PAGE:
swarm

1
[ swawrm ]
/ swɔrm /

noun

verb (used without object)

verb (used with object)

to swarm about, over, or in; throng; overrun.
to produce a swarm of.

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Origin of swarm

1
before 900; (noun) Middle English; Old English swearm; cognate with German Schwarm swarm, Old Norse svarmr tumult; (v.) Middle English swarmen, derivative of the noun

synonym study for swarm

3. See crowd1.

OTHER WORDS FROM swarm

swarm·er, noun

Definition for swarm (2 of 2)

swarm2
[ swawrm ]
/ swɔrm /

verb (used with or without object)

to climb by clasping with the legs and hands or arms and drawing oneself up; shin.

Origin of swarm

2
First recorded in 1540–50; origin uncertain
Dictionary.com Unabridged Based on the Random House Unabridged Dictionary, © Random House, Inc. 2020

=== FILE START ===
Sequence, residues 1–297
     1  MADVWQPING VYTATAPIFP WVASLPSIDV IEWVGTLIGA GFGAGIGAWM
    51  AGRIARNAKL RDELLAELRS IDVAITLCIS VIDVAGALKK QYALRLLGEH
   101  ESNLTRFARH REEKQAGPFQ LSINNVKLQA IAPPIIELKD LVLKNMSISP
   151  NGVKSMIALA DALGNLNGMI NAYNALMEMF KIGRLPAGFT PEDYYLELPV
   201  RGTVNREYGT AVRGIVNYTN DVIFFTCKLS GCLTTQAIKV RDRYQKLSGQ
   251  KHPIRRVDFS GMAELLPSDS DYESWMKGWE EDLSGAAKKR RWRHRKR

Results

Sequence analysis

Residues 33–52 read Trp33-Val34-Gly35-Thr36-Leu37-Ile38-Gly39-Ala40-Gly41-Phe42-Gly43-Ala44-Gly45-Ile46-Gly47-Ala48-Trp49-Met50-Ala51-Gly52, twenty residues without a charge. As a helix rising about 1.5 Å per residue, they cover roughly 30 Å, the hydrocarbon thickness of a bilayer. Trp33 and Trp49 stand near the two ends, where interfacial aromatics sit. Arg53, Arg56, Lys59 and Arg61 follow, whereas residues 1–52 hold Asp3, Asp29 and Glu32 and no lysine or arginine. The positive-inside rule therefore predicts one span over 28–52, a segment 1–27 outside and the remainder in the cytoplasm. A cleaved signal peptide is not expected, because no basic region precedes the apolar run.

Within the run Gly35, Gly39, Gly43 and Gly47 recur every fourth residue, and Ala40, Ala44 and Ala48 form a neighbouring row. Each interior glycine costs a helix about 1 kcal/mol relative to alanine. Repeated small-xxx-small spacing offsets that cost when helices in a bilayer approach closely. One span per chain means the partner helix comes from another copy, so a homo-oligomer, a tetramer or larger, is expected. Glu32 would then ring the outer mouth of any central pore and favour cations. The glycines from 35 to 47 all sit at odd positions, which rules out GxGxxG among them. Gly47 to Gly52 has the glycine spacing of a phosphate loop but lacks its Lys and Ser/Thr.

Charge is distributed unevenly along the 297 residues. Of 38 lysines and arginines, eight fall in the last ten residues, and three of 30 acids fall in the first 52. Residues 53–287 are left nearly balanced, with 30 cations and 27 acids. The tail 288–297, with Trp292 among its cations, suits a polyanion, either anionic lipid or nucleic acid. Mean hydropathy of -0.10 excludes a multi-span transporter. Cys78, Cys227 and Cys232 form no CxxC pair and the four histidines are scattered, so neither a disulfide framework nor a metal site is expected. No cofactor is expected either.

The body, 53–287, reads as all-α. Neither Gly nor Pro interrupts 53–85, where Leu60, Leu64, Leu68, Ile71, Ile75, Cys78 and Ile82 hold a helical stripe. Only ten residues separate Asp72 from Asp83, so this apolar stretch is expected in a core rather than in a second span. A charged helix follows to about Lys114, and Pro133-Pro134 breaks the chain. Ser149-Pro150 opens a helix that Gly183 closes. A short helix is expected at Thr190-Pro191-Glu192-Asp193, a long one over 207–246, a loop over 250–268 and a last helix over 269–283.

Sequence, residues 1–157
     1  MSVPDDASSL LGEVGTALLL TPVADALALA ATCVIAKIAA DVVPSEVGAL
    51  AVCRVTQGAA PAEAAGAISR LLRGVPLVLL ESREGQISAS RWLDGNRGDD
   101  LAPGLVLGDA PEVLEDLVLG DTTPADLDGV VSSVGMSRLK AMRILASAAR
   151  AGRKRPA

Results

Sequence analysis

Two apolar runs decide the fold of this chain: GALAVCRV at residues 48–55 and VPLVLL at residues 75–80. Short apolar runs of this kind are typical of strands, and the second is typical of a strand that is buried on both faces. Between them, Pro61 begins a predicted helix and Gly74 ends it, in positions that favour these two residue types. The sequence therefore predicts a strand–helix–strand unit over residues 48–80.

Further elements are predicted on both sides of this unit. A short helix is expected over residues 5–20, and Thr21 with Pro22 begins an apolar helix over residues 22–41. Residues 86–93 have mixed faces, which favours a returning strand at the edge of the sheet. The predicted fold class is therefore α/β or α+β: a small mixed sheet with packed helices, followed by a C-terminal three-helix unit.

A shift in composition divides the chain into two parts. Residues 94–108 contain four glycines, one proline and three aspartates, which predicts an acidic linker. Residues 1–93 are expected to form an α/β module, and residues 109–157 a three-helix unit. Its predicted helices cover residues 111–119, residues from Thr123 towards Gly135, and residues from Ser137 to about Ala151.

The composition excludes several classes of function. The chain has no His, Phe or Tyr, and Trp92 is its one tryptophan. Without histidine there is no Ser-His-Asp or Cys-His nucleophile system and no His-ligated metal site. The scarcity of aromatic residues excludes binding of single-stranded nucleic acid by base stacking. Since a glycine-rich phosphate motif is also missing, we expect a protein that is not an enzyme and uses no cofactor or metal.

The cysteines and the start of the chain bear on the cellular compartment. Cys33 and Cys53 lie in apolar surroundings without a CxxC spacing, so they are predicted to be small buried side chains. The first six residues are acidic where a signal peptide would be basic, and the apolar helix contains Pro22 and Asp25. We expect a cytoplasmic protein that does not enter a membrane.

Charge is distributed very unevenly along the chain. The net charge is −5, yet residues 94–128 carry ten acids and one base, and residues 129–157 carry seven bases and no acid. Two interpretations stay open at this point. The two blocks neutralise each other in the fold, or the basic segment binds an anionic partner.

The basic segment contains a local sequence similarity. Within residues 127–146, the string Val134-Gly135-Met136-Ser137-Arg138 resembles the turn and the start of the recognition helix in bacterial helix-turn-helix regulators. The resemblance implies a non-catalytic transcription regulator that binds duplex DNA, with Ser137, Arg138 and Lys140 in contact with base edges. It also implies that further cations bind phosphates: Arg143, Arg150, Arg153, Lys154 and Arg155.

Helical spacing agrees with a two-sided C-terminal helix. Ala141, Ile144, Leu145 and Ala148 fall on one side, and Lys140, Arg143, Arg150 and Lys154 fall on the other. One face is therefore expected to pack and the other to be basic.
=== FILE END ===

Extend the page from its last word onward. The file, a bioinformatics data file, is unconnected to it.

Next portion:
Example sentences from the Web for swarm

British Dictionary definitions for swarm (1 of 2)

swarm1
/ (swɔːm) /

noun

a group of social insects, esp bees led by a queen, that has left the parent hive in order to start a new colony
a large mass of small animals, esp insects
a throng or mass, esp when moving or in turmoil

verb

Word Origin for swarm

Old English swearm; related to Old Norse svarmr uproar, Old High German swaram swarm

British Dictionary definitions for swarm (2 of 2)

swarm2
/ (swɔːm) /

verb

(when intr, usually foll by up) to climb (a ladder, etc) by gripping with the hands and feetthe boys swarmed up the rigging

Word Origin for swarm

C16: of unknown origin
Collins English Dictionary - Complete & Unabridged 2012 Digital Edition © William Collins Sons & Co. Ltd. 1979, 1986 © HarperCollins Publishers 1998, 2000, 2003, 2005, 2006, 2007, 2009, 2012